Epistemology: An Anthology
Ernest Sosa, Matthew McGrath
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New and thoroughly updated, Epistemology: An Anthology continues to represent the most comprehensive and authoritative collection of canonical readings in the theory of knowledge.
- Concentrates on the central topics of the field, such as skepticism and the Pyrrhonian problematic, the definition of knowledge, and the structure of epistemic justification
- Offers coverage of more specific topics, such as foundationalism vs coherentism, and virtue epistemology
- Presents wholly new sections on 'Testimony, Memory, and Perception' and 'The Value of Knowledge'
- Features modified sections on 'The Structure of Knowledge and Justification', 'The Non-Epistemic in Epistemology', and 'The Nature of the Epistemic'
- Includes many of the most important contributions made in recent decades by several outstanding authors
evident is. For in this explanation what is evident to S is identified with what S is rationally justified in believing. But it now seems plain that for x to be evident to S, two conditions must be satisfied: (i) that S be rationally justified in believing x, and (ii) that S be in a position to know whether x is true. And we must also take note of the relativity of knowledge to an epistemic community. Let us therefore replace (A) with the following: (B) S knows (from the Kpoint of view) thatp iff
justified ought to be rejected as readily as a view that has the consequence that all contingent propositions are justified. 49 Ernest Sosa, "The Raft and the Pyramid;' Midwest Studies in Philosophy, Section 5. 50 Post claims in The Faces of Existence that his new formulation of the reductio argument meets the objection by Sosa (see his fn. 21, p. 91). As I construe Sosa's objection, namely that more is required for a belief to have a justification than the mere existence of a series of beliefs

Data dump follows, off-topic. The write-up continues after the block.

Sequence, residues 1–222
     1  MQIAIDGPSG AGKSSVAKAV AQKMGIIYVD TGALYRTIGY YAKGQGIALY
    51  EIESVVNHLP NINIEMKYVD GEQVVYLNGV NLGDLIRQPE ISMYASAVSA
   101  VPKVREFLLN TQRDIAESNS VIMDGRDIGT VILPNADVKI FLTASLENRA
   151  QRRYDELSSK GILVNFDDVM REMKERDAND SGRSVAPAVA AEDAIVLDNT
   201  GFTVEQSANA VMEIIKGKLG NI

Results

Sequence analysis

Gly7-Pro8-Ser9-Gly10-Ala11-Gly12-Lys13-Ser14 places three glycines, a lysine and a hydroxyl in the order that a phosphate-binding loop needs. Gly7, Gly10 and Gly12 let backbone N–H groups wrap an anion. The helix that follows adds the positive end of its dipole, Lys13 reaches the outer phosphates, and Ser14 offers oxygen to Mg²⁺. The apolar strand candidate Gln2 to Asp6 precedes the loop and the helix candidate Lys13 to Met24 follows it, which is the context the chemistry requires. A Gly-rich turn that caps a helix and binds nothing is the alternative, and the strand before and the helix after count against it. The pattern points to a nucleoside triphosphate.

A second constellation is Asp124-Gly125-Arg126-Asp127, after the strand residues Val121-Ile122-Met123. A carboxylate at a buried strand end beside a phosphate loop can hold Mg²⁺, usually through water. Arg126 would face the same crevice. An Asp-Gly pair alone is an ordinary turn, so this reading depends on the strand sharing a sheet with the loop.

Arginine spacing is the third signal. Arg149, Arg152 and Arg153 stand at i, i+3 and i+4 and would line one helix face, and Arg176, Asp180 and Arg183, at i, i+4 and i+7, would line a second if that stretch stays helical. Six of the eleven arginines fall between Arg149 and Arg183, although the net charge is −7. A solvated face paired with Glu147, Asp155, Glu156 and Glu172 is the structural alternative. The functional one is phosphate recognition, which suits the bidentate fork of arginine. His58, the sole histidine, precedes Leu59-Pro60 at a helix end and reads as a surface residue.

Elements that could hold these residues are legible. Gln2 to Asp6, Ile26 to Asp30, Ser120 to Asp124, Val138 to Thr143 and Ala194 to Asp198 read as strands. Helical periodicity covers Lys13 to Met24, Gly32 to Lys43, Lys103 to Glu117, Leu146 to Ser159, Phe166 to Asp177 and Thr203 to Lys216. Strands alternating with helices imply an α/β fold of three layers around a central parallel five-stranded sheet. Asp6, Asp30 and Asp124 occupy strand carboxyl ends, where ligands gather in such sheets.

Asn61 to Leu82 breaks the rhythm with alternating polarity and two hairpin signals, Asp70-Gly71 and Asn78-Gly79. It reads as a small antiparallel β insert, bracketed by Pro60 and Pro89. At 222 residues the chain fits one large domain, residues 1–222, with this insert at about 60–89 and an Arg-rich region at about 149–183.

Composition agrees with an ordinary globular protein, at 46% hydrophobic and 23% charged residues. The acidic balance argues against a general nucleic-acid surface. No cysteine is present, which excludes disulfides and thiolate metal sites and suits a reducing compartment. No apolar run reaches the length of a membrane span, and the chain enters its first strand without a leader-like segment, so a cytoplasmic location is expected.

thereby know that it is so. That still seems to me undeniable, but it is not the same as Descartes's assumption that one must know that one is not dreaming if one is to know something about the world. The undeniable truth says only that you lack knowledge if you are dreaming; Descartes says that you lack knowledge if you don't know that you are not dreaming. Only with the stronger assumption can his sceptical conclusion be reached. Is that assumption true? In so far as we find Descartes's
classification is knife-edged, I do want to say that "knowledge of the external world" is quite clearly essentially theoretical. There is no commonsense, pre-theoretical practice that this way of classifying beliefs rationalizes: its sole function is to make possible a certain form of theoretical inquiry, the assessment of knowledge of the world as such. As we have seen, this classification cuts across all familiar subjectmatter divisions and, in addition, presuppos~s the autonomy of
quoted from Anthony Kenny (ed.), Descartes: PhilosophicalLetters (Minneapolis: University of Minnesota Press, 1981), p. 87. Ludwig Wittgenstein, On Certainty (Oxford: Blackwell, 1969), p. 250; hereafter OC. Ibid., p. 125. Failure to appreciate this point is what vitiates Marie McGinn's intuitive reconstruction of the case for scepticism. ~C, p. 53. For a succinct defence of contextualism, see David B. Annis, ''A Contextualist Theory of Epistemic Justification;' American Philosophical Quarterly